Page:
:: 2016 :: 90cm x 30cm :: Acrylics, Inks and Markers on Canvas ::
During my time painting murals in South Africa as part of the PaintUp with Kamamma project, I became very attached to the swifts who constantly flew about there. I was captivated by them, dreamed about them, saw them in the /Xam Bushman rock paintings, painted them constantly in my murals. I was also very concerned about the rain, for when it rained, I couldn’t paint. In the 19th century, the surviving /Xam people told how the swifts were the rain’s people, !khwa-ka !ke, and the rock art often showed shamans transforming into swifts. They are skilful flyers, a good metaphor for the shaman. When I finished my first two murals, it rained for two days. Yellow the Bushman said that when you do something good, the ancestors bless you with rain. Whenever it rained, the swifts came and sat on the wire outside my room where I stayed. I started to believe they were telling me something…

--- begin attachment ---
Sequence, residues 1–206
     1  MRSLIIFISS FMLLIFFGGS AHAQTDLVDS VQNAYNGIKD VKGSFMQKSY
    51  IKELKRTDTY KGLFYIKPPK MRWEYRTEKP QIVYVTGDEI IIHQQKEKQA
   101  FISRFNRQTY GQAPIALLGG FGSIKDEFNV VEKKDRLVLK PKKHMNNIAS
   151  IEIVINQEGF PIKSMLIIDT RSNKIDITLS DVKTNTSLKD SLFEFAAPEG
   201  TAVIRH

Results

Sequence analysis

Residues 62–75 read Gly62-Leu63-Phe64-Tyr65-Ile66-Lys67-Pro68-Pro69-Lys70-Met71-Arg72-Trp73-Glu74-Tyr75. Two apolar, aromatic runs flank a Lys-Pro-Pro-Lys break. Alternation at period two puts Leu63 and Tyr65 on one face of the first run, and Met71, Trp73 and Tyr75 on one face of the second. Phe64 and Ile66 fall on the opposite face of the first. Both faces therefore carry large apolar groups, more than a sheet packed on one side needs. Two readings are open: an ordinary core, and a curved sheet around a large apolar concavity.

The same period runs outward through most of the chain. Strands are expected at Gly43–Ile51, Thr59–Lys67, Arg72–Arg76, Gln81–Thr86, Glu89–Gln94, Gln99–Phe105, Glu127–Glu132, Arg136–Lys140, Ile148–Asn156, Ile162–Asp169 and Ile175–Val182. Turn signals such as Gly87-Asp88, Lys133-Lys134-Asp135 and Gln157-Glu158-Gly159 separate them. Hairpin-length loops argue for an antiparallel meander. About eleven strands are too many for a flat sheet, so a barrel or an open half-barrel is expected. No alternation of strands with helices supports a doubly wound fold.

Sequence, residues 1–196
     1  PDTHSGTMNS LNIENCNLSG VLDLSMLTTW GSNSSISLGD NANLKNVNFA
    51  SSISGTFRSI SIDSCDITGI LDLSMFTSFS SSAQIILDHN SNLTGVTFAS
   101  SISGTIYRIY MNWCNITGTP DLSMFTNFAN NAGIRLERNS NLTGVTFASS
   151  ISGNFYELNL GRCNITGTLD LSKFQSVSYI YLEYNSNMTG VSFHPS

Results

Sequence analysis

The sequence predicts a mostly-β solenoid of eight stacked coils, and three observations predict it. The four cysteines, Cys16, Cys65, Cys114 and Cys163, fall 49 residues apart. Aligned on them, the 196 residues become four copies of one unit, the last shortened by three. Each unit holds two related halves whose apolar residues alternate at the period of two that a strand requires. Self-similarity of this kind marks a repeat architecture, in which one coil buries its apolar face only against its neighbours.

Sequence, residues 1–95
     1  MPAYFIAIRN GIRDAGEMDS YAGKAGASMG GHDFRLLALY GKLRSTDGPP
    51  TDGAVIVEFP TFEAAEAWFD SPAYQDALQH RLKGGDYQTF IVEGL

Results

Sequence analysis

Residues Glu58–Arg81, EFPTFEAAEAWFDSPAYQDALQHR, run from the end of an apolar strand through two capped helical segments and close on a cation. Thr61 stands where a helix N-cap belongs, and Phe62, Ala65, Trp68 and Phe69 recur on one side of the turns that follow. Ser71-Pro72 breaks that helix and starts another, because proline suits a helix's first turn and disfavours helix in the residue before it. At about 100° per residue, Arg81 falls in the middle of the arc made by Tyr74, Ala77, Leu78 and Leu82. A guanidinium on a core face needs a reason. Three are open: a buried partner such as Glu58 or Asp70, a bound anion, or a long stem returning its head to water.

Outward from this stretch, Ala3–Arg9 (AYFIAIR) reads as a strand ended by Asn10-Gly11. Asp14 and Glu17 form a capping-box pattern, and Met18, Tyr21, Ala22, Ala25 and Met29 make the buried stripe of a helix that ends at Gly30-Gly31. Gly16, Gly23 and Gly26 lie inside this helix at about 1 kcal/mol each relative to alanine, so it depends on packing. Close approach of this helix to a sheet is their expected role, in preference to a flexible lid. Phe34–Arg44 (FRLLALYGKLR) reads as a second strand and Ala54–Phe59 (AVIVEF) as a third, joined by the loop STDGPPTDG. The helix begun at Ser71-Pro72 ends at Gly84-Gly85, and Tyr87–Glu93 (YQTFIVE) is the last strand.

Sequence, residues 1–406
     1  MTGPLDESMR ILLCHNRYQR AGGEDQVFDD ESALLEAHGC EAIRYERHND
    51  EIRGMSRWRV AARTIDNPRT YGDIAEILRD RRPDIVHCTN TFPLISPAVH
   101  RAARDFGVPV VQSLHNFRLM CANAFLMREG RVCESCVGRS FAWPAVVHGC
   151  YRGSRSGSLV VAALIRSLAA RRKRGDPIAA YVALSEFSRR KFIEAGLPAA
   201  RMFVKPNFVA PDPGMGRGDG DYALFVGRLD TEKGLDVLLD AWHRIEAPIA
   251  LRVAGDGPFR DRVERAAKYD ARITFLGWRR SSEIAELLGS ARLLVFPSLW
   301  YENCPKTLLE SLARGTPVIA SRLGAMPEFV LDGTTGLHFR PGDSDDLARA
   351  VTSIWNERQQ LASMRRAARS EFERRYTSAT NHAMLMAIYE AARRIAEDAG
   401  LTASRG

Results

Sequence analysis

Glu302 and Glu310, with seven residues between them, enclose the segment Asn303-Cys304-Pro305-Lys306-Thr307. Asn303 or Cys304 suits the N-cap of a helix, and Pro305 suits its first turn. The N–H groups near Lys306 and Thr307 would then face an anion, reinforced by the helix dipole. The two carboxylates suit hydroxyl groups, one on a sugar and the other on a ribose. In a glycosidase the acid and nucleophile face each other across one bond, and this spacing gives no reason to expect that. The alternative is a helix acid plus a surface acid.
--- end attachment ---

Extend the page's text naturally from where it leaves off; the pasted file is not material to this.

Late one night, in an oven of South African humidity, I woke up with a forked tail for legs, face down with winged arms a-splay, and I was dripping wet with sweat rain rolling from every part of my skin. Again and again this dream came. Electrified, my body was dripping rain. I whispered my dreams to the stars, to the Southern Cross, waded through a river to get to Ezeljagdspoort and climbed glowing ladders to paint threads of light. Only now have I realised that I’ve seen these threads of light many times before, the thinking strings and shamanic ladders of indigenous experience. I simply never called them that. When I was a child, they were flickering jagged in migraines, it took my whole body’s effort to move along them. I’ve seen them redgreenblue right up into the Heart of the Sky and bright white to the deepest heavens. I never realised they were the same thing until now. Is that what they were telling me…?
The Swift People, Ezeljagdspoort, March 2016
Design for a tattoo on my back which I had done after returning from South Africa